It is a sad commentary on the media when a leading newspaper carries a full front- page report, signed by its editor- in- chief, to push through a complete lie. The newspaper committed an act of treason with dangerous ramifications in claiming that the Army had moved its troops into Delhi with the aim of effecting a coup. Of course glib innuendoes were used instead of direct words, but readers were left in complete shock as a mainline newspaper not yet accepted as a rag sheet sought to inform them of a possible coup that had failed.

The story was farcical and one wondered how journalists of some caliber had lent their name to what could only be described as a mischievous act intended to strike alarm bells across the country, and polarize opinion against the Army and its Chief General VK Singh. What is worse is that the editor stuck to his story the next day, instead of withdrawing and abjectly apologizing. Unfortunately there is little ethics left in the media and no institutions within that could have taken the newspaper and the journalists to task, and ordered not just an apology but some level of punitive action to ensure accountability. The watch- dog has started to bite the people it is supposed to watch out for, and when that happens steps have to be taken to bring in the accountability that once was in- built into the profession.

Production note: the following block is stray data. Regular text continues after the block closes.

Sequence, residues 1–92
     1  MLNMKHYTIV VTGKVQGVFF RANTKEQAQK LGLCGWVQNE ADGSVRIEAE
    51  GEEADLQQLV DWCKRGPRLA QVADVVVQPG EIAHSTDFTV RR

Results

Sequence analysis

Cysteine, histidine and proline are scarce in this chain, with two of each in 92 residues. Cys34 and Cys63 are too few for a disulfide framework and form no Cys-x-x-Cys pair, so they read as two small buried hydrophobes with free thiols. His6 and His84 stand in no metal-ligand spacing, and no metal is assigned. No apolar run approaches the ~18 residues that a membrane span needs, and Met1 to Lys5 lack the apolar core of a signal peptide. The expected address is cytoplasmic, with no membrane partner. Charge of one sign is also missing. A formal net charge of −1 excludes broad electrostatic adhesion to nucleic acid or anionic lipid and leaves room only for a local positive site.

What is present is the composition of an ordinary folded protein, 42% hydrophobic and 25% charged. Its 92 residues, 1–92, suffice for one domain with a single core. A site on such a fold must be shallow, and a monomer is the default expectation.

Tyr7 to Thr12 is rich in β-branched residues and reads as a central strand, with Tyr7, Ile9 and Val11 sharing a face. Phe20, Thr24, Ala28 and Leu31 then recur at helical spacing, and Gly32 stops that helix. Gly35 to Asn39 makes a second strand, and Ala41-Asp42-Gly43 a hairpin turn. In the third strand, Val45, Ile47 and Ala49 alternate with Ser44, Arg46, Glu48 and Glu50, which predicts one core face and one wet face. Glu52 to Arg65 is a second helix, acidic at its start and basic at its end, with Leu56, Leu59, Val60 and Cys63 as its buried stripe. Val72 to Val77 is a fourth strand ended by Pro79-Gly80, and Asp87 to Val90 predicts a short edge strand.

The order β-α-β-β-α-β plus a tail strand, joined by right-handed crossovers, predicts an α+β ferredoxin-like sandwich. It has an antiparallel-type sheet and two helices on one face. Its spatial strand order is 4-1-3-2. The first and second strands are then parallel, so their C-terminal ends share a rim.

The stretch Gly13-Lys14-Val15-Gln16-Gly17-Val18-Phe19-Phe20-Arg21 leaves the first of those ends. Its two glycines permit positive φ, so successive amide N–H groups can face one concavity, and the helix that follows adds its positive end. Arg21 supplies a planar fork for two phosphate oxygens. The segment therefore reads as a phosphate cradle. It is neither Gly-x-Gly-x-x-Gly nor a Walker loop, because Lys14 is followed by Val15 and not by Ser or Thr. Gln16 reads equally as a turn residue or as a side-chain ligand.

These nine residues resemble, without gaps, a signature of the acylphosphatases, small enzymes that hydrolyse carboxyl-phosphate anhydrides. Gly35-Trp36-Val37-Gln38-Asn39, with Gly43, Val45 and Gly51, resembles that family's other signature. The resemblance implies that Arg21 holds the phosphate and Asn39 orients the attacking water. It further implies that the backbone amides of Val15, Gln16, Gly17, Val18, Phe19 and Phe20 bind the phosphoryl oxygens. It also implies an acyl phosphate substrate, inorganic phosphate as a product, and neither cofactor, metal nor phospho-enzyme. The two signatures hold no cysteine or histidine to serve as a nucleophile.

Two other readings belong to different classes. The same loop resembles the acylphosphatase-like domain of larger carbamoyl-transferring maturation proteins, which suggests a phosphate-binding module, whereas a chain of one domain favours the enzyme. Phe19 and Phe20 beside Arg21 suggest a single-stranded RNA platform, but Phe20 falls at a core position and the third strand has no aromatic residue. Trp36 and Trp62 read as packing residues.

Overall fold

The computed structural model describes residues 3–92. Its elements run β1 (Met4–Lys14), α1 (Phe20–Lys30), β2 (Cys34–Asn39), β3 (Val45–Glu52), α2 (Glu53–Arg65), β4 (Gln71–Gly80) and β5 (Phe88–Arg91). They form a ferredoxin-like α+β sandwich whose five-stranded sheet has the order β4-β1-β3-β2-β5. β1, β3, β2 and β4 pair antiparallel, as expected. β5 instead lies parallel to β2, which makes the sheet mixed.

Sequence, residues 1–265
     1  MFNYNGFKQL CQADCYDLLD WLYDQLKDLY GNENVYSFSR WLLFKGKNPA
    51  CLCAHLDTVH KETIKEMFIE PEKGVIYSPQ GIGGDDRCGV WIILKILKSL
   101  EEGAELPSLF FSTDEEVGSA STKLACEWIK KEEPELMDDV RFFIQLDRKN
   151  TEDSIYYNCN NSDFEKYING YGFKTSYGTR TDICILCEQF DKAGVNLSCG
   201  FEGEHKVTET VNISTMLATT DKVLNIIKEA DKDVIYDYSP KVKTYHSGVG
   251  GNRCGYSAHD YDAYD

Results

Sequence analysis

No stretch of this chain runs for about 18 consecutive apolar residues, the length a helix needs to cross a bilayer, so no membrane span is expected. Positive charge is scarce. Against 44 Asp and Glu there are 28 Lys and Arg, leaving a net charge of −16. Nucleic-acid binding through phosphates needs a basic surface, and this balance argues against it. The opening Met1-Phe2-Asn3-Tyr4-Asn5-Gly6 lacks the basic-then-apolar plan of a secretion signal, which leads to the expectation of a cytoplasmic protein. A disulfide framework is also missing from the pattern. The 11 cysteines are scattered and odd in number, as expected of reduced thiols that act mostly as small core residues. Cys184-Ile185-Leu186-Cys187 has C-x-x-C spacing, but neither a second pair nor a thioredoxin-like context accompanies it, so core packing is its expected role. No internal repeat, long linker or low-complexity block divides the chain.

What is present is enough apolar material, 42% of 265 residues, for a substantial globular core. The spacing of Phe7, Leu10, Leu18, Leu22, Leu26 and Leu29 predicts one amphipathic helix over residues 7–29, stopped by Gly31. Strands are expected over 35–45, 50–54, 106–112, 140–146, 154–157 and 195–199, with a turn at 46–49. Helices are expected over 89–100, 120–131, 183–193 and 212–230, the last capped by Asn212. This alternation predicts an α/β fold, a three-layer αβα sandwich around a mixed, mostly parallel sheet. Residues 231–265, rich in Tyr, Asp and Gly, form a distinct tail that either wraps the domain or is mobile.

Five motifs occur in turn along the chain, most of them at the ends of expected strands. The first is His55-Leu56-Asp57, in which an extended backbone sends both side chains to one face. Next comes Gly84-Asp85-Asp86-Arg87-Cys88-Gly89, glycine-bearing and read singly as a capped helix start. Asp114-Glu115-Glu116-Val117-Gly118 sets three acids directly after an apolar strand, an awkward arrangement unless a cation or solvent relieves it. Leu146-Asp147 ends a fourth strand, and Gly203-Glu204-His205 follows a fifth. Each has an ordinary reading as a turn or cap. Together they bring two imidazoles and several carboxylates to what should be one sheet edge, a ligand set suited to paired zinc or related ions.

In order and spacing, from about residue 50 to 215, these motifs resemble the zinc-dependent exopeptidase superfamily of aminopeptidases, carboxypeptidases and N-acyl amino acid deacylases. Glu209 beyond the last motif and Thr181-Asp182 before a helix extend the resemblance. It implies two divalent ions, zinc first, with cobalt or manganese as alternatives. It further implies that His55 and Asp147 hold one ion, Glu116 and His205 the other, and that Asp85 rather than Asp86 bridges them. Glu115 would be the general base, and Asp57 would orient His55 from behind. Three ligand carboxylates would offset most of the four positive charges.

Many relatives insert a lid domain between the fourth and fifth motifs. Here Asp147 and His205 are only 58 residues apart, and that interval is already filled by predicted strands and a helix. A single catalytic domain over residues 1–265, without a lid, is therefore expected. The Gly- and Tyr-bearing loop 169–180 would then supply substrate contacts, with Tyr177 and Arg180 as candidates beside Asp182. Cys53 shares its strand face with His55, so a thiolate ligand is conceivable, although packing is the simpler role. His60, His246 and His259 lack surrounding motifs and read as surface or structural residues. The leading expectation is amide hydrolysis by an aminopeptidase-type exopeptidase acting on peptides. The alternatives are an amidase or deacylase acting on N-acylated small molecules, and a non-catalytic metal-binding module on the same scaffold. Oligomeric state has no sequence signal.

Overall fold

The question that needs to be answered is why did the newspaper write what it did? At whose behest, with what intention? The bylines were of seasoned journalists who know the ropes and clearly gave their names to a concocted and totally false story with a purpose. What was that purpose? To understand this it is essential to look at the kind of reaction that was generated, and the only reason it did not spread was because of the genuine outcry from the more sensible sections of society.

The intention was to use the little remaining credibility of journalism to cash in on the general ignorance about the Indian Army amongst the civilians, and convince them, or at least set in serious doubts, about the intentions of the Indian Army under the stewardship of General VK Singh. The argument woven into the story was: an independent General is dangerous for the nation while a Chief ( Lt General Bikram Singh) appointed by the political establishment will remain under control which is absolutely necessary if India is to be saved from a coup.

Absurd and ridiculous! And clearly an indication of how intolerant and insecure the political establishment has become. Everyone knows that the story was directed from behind the scenes by vested interests represented by sections of the political class, a deeply interested bureaucracy, and of course arms lobbies that are feeling restricted under an honest general. Several names are known, but then good journalism does not allow stories to be written without proof and sufficient documentation so remain in the realm of ‘gossip’even while being closer to the truth than the fabrication that appeared in the said newspaper.